While a resident of the town of Italy, Mr. Blodgett was deputy sheriff under Sheriff John Smith, of Torrey: Elias Pulver, of Jerusalem, and Edward Crosby, of Barrington. He came to Penn Yan from Italy Hollow some twelve years ago. He was at the time in the employ of the State Excise Department. After being here about two years he became a police man and traffic officer at the four corners and served eight or nine years in that capacity. His obliging nature gained him a multitude of friends, and “Casey,” as he was called, was known of hundred of tourists. In 1918 he was elected to the office of sheriff of Yates County and while serving his term last October became ill. He is survived by his wife and one daughter, Mrs. Clara Francis, and one brother, Harry Blodgett, of Flint, Mich.

The funeral was held Tuesday from the Methodist church, Rev. W. S. Wright officiating. The Odd Fellows, and Metawissa Tribe, I. O. R. M., of which orders he was a member, attended the funeral. Burial was in Lake View Cemetery.

KILLED BY ANTHRAX --  Corning, April 10: Jesse Bassage, Hornby farmer, was at the Corning Hospital suffering from anthrax. He became infected while performing a postmortem examination upon a cow which suddenly fell dead without any apparent cause. A blood test has since showed that the cow died of anthrax. Bassage rubbed his eyes with his wrists while performing the examination. The next day his eyes were swollen. The infection spread to his face and neck, which became swollen and inflamed. His condition was considered serious. He was not permitted to remain in the Corning Hospital but one night. He was then removed to his brother-in-law’s in Hornby, where he died the following day. Mr. Bassage was a nephew of the late Amos Bassage, of Penn Yan, and has a number of cousins living in Penn Yan.

SEARCH FOR INFECTED HIDE -- Corning, April 14: To guard against the spread of the dreaded anthrax through the hide of the cow of Jesse Bassage, which Mr. Bassage sold to a Corning hide dealing firm on the day he came down with his fatal illness, Dr. Frank S. Swain, city health officer, is bending every effort to recover the infected hide and others with which it has come in contact.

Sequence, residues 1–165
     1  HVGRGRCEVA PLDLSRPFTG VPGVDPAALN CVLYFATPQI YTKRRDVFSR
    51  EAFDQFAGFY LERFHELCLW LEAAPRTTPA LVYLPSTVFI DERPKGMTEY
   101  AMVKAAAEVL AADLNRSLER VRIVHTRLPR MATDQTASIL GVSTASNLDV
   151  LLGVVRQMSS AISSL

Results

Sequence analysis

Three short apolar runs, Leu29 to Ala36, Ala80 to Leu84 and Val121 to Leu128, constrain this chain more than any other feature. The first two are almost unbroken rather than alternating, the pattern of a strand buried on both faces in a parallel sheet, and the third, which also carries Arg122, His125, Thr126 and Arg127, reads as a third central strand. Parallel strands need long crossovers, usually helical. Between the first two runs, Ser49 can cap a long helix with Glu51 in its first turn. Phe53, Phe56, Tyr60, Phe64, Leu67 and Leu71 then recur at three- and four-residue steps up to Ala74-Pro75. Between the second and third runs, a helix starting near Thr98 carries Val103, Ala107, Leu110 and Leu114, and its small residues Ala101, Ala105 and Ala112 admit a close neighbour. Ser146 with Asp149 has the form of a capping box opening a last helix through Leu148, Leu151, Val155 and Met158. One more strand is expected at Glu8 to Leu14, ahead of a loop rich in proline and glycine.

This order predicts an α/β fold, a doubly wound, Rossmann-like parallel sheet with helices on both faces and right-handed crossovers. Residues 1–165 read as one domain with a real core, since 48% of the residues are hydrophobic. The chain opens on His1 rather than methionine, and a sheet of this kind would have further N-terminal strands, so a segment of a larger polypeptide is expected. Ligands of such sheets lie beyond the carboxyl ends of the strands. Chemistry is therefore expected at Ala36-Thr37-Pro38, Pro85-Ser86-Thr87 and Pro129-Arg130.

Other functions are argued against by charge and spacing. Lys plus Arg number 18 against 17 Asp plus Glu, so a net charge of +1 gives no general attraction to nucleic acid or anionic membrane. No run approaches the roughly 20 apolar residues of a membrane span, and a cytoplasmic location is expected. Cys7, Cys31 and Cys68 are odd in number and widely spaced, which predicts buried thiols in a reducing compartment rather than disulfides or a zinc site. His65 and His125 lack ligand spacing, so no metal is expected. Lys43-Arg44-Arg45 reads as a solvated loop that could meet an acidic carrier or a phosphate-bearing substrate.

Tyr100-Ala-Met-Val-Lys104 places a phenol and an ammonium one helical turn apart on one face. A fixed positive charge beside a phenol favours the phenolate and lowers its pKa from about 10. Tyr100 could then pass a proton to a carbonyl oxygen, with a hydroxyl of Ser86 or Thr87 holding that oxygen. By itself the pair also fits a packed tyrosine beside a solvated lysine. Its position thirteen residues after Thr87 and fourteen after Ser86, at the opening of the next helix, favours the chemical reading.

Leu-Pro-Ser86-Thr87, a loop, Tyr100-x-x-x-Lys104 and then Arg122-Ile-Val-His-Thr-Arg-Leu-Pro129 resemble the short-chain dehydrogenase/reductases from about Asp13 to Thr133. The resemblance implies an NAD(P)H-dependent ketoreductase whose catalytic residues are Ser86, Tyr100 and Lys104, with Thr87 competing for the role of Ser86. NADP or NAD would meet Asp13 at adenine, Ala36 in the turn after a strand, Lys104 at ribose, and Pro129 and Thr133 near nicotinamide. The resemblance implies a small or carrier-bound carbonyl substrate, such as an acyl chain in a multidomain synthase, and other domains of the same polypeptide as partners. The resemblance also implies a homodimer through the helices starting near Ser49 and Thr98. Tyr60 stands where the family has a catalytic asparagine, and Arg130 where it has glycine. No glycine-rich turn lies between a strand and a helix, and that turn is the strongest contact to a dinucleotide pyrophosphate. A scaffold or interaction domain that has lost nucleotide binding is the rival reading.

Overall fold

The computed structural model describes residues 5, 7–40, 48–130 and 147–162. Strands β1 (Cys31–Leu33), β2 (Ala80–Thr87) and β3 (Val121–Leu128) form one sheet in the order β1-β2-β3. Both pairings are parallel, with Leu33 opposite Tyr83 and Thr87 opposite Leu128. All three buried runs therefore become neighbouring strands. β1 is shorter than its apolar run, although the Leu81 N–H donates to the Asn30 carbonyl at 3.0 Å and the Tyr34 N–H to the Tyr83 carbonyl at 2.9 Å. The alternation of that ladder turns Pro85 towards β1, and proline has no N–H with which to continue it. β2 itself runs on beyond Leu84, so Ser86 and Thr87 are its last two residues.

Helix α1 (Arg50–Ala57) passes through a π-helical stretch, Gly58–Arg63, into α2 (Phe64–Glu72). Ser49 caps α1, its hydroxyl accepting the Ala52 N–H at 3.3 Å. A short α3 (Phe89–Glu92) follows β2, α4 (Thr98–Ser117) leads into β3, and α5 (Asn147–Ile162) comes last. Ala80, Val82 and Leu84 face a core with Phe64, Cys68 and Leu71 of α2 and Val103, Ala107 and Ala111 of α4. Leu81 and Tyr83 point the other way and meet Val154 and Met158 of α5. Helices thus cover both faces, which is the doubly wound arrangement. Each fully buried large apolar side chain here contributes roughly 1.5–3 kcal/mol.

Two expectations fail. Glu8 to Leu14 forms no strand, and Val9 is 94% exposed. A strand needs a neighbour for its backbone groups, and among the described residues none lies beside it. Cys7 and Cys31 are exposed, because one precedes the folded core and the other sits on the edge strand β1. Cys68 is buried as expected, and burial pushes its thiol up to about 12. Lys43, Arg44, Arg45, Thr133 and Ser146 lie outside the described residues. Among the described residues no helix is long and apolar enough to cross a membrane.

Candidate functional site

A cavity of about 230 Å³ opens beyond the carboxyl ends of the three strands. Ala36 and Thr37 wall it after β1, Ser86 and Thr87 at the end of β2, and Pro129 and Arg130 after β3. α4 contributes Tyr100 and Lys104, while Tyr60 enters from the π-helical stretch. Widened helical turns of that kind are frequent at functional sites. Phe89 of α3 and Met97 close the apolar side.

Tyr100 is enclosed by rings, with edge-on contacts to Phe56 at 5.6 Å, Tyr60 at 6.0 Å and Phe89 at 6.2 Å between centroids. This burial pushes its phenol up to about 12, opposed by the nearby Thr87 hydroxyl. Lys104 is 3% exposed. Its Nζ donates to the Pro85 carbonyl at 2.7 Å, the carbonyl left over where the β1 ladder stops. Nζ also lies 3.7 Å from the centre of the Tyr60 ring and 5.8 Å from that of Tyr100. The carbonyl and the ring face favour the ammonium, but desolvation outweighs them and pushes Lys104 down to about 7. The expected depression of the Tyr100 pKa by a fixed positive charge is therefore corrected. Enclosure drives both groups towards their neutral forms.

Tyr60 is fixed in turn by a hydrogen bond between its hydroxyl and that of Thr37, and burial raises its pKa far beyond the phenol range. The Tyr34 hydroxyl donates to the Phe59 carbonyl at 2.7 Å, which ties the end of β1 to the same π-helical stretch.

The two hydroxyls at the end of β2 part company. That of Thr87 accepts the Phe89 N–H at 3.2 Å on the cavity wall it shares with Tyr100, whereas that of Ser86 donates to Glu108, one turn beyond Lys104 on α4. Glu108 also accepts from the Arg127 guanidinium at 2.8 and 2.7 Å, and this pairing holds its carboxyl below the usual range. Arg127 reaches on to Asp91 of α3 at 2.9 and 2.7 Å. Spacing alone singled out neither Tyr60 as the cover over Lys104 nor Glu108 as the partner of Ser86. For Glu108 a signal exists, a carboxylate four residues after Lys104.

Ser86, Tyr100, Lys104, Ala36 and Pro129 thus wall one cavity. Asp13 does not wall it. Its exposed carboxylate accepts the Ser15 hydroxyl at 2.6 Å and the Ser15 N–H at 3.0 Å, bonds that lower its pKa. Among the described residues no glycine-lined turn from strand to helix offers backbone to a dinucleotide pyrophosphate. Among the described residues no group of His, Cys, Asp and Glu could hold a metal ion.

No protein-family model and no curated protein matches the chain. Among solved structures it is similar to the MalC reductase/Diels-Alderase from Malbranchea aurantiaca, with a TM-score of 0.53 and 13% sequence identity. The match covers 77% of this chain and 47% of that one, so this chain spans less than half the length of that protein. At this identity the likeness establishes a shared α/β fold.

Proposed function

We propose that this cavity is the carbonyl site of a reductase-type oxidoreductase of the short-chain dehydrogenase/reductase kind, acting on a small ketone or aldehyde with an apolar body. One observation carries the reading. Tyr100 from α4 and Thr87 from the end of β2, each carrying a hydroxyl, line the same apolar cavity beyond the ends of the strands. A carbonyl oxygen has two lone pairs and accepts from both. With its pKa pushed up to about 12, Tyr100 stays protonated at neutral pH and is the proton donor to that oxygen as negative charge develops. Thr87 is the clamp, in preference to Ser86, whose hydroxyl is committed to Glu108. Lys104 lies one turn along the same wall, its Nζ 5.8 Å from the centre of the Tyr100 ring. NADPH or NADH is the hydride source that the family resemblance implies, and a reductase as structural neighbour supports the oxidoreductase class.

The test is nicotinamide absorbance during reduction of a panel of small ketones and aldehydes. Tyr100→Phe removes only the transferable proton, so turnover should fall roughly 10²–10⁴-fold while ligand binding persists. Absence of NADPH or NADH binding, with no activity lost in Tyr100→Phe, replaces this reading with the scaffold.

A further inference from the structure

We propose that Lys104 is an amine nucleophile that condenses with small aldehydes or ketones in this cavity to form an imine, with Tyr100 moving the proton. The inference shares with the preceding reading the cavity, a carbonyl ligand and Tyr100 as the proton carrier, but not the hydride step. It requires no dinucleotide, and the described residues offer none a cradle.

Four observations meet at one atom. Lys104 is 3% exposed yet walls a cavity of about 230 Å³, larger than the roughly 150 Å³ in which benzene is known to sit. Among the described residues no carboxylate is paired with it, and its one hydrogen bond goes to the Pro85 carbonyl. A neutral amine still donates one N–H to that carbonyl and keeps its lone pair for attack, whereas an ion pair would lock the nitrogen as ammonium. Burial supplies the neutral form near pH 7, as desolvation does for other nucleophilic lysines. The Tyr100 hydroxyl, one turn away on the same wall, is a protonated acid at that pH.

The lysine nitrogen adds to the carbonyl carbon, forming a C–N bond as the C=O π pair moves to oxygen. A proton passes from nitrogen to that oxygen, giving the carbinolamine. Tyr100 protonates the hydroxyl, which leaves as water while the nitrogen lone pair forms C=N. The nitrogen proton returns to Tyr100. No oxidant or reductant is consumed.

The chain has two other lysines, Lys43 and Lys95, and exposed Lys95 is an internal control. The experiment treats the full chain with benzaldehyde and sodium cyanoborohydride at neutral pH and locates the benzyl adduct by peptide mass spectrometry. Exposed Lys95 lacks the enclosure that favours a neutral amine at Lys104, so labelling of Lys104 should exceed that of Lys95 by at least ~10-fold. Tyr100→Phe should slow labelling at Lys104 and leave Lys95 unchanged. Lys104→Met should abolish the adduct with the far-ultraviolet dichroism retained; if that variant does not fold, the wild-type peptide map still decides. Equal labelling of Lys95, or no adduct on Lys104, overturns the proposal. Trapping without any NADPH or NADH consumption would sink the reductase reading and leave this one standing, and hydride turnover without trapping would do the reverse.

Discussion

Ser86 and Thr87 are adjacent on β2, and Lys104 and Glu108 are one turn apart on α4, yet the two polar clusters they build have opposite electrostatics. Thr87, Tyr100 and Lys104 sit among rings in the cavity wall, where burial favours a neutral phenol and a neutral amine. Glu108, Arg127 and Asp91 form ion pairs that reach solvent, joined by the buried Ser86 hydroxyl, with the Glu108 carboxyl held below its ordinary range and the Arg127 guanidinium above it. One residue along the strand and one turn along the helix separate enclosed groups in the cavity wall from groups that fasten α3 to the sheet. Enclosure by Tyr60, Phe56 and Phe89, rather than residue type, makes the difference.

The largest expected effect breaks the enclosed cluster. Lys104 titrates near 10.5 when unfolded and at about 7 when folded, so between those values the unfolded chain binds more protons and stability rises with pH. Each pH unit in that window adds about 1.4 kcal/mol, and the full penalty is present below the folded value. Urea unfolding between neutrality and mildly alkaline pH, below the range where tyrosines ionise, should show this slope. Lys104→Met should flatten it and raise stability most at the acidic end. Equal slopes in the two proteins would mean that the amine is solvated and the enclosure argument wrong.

It was not until Mr. Basage’s death Wednesday of anthrax that Dr. Swain learned that the hide of the cow which had given Bassage the infection had been sold. He then made inquiries which showed that it had been shipped to Elmira. From there it was learned it had been shipped to Syracuse. It is expected that the hides will be seized and burned.

The anthrax germ is so hardy that It will live for three years. The infected hide is a source of danger to every human being who may come in contact with it as it is being manufactured into leather, or later, after it has been made into some article of use. The hide will also infect others with which it has come in contact.

ANTHRAX HERD QUARANTINED -- Corning, April 16: Although a test of the herd on the Jesse Bassage farm at Hornby, where a cow died of anthrax last week and its owner died a few days later after becoming infected with the same disease, revealed no other cattle affected with anthrax, a quarantine has been ordered upon the farm for four months. Other herds in the vicinity will be quarantined as a precautionary measure. The anthrax germ lives in the ground and, in stagnant water, and the location of the Bassage farm on top of a high hill makes possible the spread of the germs, by spring rains, to surrounding farms.

75 Years Ago

April 17, 1947

Cole Circus Leaves For Summer Tour -- Early Sunday morning the James M. Cole circus with 30 big trucks, as many private cars and house trailers, and other assorted vehicles pulled away from the winter headquarters at Milo Center headed for Canton, Pa., where the show will start its early summer swing through Pennsylvania and Ohio before returning to Penn Yan for a two-day show late in May or early June. The past week activity has been at fever heat at the Cole farm. Each truck was given a fresh coat of paint and gay decorations. Horses prance, elephants salute and monkeys caper under the skillful hands of the circus decorator. Every motor has been overhauled and $2,900 worth of new tires, purchased in Penn Yan, have been put on the red wheels.

Local public health officials are being kept informed daily of the progress of the malignant small pox that has occurred in and near New York city. The original case of this especially virulent disease, came from Mexico by bus to New York city. This case was taken to the Willard Parker hospital where all dangerous, contagious diseases are taken and died there two days later. Other cases and deaths are now being reported. All persons known to be exposed on the bus, in the hospital or elsewhere are being traced and notified of the danger.